Regards, Wes

 Signature 

Fairness is Justice

Profile
 
 
Posted: 20 February 2006 03:24 AM   [ Ignore ]   [ # 12 ]
Sr. Member
RankRankRankRankRankRankRankRankRank
Total Posts:  268
Joined  2006-02-08

Re: Art & science

Wes.
In your response to Alan you wrote
“I also consider human beings mostly emotional creatures with a very small ability to think.  It is easier to emote than to think rationally.  Perhaps a reason for lower interest in math and science than in music, dance, and entertainment in general.  And perhaps a reason for more interest in things religoius, spiritual, other worldly, etc, etc.

Regards, Wes

Wes,
  I think you are correct about this. I have belonged to a science chat group for many years. We meet every evening to talk about science and technology. It is a very small group that is in existence for about seven years. We would like to have more members but it seems that most chatters prefer to go to rooms where they can be entertained. The rooms that usually attract many people are the music rooms, the religion rooms, the flirt rooms and rooms where movies and other forms of entertainment are discussed.
  It has become obvious to us that most new people that visit our room are looking to be entertained. When they realize that our room is a room for serious discussion they leave and rarely return.
  We have come to accept the fact that our room will never have many members. The reason being, I think, is because most people feel that science isn’t very exciting and not much fun.
  Bob

Profile
 
 
Posted: 20 February 2006 05:44 AM   [ Ignore ]   [ # 13 ]
Jr. Member
Rank
Total Posts:  10
Joined  2006-02-19

Science chat

Bob, you wrote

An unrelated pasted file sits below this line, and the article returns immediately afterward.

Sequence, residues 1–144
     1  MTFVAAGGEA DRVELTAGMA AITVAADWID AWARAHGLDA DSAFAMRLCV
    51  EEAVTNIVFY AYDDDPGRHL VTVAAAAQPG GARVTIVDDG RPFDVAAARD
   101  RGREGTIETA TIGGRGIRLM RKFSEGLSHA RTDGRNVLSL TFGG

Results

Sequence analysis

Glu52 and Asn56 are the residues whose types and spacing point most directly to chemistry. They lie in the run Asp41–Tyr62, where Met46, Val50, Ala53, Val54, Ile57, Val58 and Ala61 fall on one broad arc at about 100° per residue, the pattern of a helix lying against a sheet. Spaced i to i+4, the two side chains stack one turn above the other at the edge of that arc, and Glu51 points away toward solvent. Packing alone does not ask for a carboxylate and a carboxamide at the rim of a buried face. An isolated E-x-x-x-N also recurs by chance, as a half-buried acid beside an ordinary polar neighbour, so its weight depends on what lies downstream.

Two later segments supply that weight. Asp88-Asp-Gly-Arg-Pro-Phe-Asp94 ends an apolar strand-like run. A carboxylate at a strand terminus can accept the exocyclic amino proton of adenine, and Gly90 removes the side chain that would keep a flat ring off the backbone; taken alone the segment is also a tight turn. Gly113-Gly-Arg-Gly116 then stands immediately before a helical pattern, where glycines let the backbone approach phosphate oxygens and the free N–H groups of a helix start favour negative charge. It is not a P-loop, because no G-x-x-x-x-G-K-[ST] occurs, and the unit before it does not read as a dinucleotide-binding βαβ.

We have come to accept the fact that our room will never have many members. The reason being, I think, is because most people feel that science isn’t very exciting and not much fun.
Bob

also there are probably not many capable of such discussion. I’ve not looked much but the 2 or 3 chat rooms I’ve been were of very little interest for me. the level was low. this forum is an exception.  for learning I prefer reading usually. But perhaps I should expand. Where can I find some interesting chat rooms? I’d like to take a look at the one you mentioned.

 Signature 

Alan Church Ph.D.
Retired Psychologist

Profile
 
 
Posted: 20 February 2006 05:54 AM   [ Ignore ]   [ # 14 ]
Jr. Member
Rank
Total Posts:  10
Joined  2006-02-19

Agnostics

Bob, you wrote,
“You may know some agnostics who behave that way but I don’t know of any. And, as I said before, I don’t.”

Please tell me more. I think of agnostics, those who are unsure about the existence of god, as unreligious and behaving as if there were no god. But your statement suggests, again the obvious, that there is a range of degree of belief from strong belief to strong atheism. Of course .So some agnostics, unlike me and my friends, may go to church, read the bible, and pray but be unsure about the existence of god and think of themselves as agnostics.